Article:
The postmodernists and Critical Social Justice scholars and activists are not wrong to say that we need to examine powerful discourses that legitimize what a society accepts as knowledge and see what narratives they are perpetuating and challenging those. They are wrong not to include their own conception of the world and belief system as a primary example of a dominant discourse and to imply that theirs is the only valid method of criticism. Criticizing dominant discourses has been central to liberal progress for women and racial, religious, and sexual minorities. These criticisms have fully recognized the power of language because they have been centered on the concept of the marketplace of ideas.
The Marketplace of Ideas: A Different Conception of Discourses
The idea that how we talk about things matters is not a discovery of postmodernists and Critical Social Justice scholars and activists. Human societies have always understood the power of language, and what is new and unusual to us is that we’re in a historical epoch in which we value not attempting to regulate the speech of others. Being able to disagree with, mock, or criticize religion and government is something that developed as a core part of the foundational philosophy of the modern period and has been invaluable to the production of knowledge and moral progress. The values that underlie being able to do this can be referred to as “liberalism” (in the broad philosophical sense), “liberal science,” or “The Marketplace of Ideas.”
The concept of the Marketplace of Ideas in which anybody may express any idea and challenge any other idea and allow these ideas to compete with each other in the marketplace of public opinion is unique for two reasons.
Firstly, the concept of a Marketplace of Ideas relies on confidence in humans’ ability to evaluate ideas. This has manifestly not been the case historically, particularly with religion before secularism took hold, where heresy and blasphemy laws have dictated what must be believed and expressed. Expressions of deference and loyalty to feudal lords and monarchs were also an obligation for centuries and women and the working class have been forbidden to access certain ideas or discuss them. The Critical Social Justice approach to regulating, banning, censoring, mandating, and punishing ideas expressed in speech is not new. Neither are their beliefs about which groups in society may speak authoritatively (or authentically) about which issues (largely relegating straight, white men to silence unless it is time for them to acknowledge their privilege & deplore it). They are simply yet another manifestation of an orthodoxy which believes that it holds the Truth and others must be compelled to adhere to it for their own sake and that of society.
Secondly, the concept of a Marketplace of Ideas recognizes the limitations of individual reason and examination of evidence. It sets up a system which mitigates human bias towards more readily accepting evidence and reasoned arguments that support what we already believe by bringing people with different biases together and allowing them to challenge each other. As the social psychologist, Jonathan Haidt puts it:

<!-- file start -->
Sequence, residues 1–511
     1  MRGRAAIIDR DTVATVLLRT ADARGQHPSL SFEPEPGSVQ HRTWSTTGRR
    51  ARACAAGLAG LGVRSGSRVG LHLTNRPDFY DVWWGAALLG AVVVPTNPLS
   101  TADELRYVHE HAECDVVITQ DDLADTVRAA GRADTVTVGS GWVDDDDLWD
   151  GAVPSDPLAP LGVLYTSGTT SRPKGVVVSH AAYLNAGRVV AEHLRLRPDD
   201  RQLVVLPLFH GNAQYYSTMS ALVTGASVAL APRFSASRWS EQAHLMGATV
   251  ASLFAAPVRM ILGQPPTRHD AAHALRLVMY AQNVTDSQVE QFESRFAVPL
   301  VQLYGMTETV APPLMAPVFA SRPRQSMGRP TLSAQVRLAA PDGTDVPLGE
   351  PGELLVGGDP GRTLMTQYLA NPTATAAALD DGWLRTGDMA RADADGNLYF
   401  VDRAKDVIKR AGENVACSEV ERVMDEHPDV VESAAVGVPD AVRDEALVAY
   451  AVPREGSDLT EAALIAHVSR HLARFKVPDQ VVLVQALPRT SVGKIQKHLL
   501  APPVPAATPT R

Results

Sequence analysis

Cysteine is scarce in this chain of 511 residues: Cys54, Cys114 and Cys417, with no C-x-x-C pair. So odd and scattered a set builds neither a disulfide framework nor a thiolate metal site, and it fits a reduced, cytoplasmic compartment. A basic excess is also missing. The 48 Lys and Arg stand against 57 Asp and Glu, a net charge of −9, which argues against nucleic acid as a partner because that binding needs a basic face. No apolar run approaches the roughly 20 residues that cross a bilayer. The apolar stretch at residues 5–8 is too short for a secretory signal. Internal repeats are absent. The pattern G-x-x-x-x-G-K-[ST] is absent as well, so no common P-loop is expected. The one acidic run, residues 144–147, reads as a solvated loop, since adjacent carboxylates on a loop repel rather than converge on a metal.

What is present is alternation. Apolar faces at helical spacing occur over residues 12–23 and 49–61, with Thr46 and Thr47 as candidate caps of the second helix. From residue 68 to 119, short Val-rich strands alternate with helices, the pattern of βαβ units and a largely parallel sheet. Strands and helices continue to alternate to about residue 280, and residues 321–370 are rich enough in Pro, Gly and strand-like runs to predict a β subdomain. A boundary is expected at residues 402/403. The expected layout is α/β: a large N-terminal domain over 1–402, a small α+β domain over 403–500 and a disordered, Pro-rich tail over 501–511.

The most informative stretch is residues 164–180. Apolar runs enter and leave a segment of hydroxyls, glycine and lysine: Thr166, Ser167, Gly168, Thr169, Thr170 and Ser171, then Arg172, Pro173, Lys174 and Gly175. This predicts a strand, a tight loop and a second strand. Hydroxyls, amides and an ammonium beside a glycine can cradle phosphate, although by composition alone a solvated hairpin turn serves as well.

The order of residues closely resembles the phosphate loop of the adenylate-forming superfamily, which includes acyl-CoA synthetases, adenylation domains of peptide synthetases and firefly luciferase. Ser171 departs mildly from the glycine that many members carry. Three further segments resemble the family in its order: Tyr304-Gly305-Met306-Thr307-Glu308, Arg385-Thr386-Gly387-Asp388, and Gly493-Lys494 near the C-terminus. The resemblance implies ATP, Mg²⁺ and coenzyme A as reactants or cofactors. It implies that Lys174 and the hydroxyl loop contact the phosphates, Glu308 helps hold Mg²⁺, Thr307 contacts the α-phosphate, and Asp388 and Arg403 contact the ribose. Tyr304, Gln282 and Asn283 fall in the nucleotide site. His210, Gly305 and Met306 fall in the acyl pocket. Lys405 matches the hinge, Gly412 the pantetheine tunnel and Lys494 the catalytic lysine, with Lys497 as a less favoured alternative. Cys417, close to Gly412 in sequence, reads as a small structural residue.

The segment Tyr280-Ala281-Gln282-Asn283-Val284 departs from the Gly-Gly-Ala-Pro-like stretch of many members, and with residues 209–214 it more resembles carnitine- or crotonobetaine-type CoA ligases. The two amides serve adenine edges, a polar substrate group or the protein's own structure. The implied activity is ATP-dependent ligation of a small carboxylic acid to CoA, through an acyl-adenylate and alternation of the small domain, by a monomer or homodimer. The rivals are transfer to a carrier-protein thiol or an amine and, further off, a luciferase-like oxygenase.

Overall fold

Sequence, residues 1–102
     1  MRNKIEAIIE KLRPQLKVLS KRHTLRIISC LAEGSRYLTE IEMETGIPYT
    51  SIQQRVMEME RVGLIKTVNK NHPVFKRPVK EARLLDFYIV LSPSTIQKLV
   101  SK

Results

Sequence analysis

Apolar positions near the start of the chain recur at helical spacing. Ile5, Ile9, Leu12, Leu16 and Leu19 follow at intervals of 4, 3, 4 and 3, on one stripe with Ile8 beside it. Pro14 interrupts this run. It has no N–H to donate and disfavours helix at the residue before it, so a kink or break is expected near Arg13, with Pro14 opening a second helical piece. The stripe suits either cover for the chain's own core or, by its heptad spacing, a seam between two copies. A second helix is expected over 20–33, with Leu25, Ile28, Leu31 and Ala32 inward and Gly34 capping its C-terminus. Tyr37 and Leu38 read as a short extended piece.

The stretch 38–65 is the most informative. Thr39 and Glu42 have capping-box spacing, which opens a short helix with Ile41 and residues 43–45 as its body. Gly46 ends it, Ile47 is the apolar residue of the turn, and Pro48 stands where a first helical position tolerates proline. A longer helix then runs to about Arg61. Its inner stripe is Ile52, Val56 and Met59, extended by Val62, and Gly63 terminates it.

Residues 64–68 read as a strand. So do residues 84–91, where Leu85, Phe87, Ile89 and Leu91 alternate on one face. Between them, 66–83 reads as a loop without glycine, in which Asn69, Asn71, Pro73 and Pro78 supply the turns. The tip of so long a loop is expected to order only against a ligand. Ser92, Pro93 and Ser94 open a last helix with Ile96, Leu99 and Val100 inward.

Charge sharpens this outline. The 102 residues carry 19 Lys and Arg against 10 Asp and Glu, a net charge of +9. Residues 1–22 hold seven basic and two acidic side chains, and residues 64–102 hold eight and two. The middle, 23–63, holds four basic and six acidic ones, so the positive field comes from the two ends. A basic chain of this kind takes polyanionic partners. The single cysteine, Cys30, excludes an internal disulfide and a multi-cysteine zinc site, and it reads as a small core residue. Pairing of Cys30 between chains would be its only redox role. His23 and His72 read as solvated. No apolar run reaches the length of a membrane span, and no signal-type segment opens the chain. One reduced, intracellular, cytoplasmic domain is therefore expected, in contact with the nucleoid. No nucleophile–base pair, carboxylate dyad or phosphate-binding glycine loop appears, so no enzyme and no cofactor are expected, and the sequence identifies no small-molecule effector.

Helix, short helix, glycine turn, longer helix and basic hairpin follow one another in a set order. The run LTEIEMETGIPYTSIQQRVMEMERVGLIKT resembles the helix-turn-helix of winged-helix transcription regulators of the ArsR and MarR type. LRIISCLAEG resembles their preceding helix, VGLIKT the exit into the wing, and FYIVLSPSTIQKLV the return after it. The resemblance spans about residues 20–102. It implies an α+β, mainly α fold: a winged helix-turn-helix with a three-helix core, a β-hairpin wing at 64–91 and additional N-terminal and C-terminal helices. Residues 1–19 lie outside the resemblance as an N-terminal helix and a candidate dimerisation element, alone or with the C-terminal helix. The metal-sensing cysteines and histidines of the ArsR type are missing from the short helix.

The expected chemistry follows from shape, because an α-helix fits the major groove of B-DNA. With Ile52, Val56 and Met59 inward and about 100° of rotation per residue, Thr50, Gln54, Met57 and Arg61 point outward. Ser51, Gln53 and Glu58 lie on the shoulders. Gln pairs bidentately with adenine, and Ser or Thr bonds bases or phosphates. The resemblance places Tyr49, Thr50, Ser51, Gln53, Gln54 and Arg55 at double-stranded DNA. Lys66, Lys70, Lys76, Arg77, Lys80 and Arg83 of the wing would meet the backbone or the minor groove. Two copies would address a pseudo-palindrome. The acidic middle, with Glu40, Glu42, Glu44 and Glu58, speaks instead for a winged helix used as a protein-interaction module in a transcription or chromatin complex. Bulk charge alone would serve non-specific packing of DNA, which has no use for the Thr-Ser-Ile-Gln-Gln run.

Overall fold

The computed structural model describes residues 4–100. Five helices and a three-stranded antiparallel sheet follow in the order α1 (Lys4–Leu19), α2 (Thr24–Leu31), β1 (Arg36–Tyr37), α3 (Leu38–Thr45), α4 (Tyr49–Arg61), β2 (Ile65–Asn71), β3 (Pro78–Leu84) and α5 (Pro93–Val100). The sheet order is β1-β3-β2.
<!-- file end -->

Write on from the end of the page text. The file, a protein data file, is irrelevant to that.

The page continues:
Each individual reasoner is really good at one thing: finding evidence to support the position he or she already holds… But if you put individuals together in the right way, such that some individuals can use their reasoning powers to disconfirm the claims of others, and all individuals feel some common bond or shared fate that allows them to interact civilly, you can create a group that ends up producing good reasoning as an emergent property of the social system. This is why it’s so important to have intellectual and ideological diversity within any group or institution whose goal is to find truth (such as an intelligence agency or a community of scientists) or to produce good public policy (such as a legislature or advisory board).
This is a system set up to prevent any discourse being privileged over any other and providing a level playing field for all to be considered. Nobody has special authority or the final word and ideas can be evaluated on their merits. Again, this is markedly different to historical systems in which the church and/or monarchs decided what was true and claimed authority from God to have the final word. Also again, the Critical Social Justice claim to authority as mouthpiece of the marginalized (although believers in Critical Social Justice are a minority in every group) and its own right to have the final word on which ideas have merit (its own, obviously) are neither new nor unusual. They are just another manifestation of the common illiberal human tendency to want to seize power and impose one’s own beliefs on the rest of society.
The purpose of liberal systems like the Marketplace of Ideas—that is, the liberal discourse—is to put this all-too-human tendency into check. It’s to enable us to hear from extremist voices while not being held hostage to them. It gives us a space in which those viewpoints can be expressed amongst many others, and where they can be checked, one against another, and have their kernels of truth plucked from them and made use of in more reasonable, measured, and responsible ways. The will to seize power is not new, and neither is the attempt to seize it by controlling how we think, speak, and write, whether in the name of a just God or in pursuit of “Social Justice.” These we must allow to exist where they can without letting them dictate our discourses for us because it is not the content of our discourses but the desire to dominate them that defines tyranny.